UNC professor in the Department of Communication Studies and Jackson Center executive director Della Pollock was recently featured on the UNC-Chapel Hill homepage discussing her involvement with the Jackson Center. Pollock, who has been honored as a Faculty-Engaged Scholar by the UNC Center for Public Service, says she believes in a classroom without walls.
Pollock says that The Jackson Center has historical roots that date back to 2001 and has enjoyed the many people in the community who talk about the impact the center has on them through public events that are unique to the history of Chapel Hill. Many of the community members, for the first time, feel hope, she says.
When asked about the relationship between students and the Northside community, Pollock says, “The most important thing that anyone can do is to knock on their neighbor’s door or if their family or friends are walking through and you see someone on the street, stop and say hello. Be a member of the community, get to know the people who live there; I guarantee that will change your life. There are different ways to interact with, learn from, and contribute to the ethic of service that is already a part of the neighborhood.”
Pollock explains, “The opportunity to engage with people and learn from them goes far beyond taking care of your trash. Many of the long term residents who live in Northside are the sons and daughters and grandchildren of people who built our university and they continue to work in the [university] and the town. It’s not just ‘another’ community. The Northside is the absolutely a part of the university community and there are historical roots to that.”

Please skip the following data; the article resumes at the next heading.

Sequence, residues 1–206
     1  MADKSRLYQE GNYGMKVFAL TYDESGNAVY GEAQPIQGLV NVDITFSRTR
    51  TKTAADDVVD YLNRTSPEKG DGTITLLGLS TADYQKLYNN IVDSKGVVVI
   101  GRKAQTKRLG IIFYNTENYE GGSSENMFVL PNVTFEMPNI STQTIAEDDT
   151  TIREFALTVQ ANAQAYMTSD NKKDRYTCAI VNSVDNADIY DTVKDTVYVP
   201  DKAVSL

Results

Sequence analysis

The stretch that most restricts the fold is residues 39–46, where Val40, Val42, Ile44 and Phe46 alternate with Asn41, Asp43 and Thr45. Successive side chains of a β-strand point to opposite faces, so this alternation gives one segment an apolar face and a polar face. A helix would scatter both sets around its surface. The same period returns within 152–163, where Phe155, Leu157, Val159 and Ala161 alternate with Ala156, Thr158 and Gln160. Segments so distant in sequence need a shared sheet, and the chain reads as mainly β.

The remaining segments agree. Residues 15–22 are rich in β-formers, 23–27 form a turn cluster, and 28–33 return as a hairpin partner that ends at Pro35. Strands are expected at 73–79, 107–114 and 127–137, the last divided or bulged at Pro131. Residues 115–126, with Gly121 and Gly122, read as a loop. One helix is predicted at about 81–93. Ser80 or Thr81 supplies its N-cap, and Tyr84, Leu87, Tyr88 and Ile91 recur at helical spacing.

Farmer, the civic media coordinator, also believes that the impact of The Northside News on the community speaks volumes to the work done at the center. She says, “[The Northside News] really gives the residents something they can bond about and look through. The students who live in the community can use it to be a part of the community and see the youth in the community.”
“A lot of us are former UNC students,” said Palmeira. “The idea of understanding the community that the university calls home and the folks that have built the university over generations and making sure that perspective is in the dialogue of the town and the university’s growth is very important.”
The community dialogue that is influenced by the center has led to the development of an archives program in an effort to make the history more accessible to people in the community. Elizabeth McCain, the center’s public history and communications coordinator will spearhead the effort.
“We hope that the archive will be online not only for the families here, but for the people who are interested and the community [because] one of the cool things that comes out of our oral histories is what a lot of old Carrboro used to be,” McCain said.
She added that the archive will consist of “a digital archive on the website and a physical archive in the community office so people can come and directly interact with the histories of their friends and themselves.”
Improving communication is a priority of the program, and there are many people who are helping to make the center a major force in the community. The Bonner Leaders Program, which is part of a nationwide network that provides service-based scholarships for undergraduate students, currently has seven interns who are actively helping to make these stories more accessible to the public.
For more information about how to get involved, visit http://www.jacksoncenter.info/get-involved/.
“Saving history is making history…”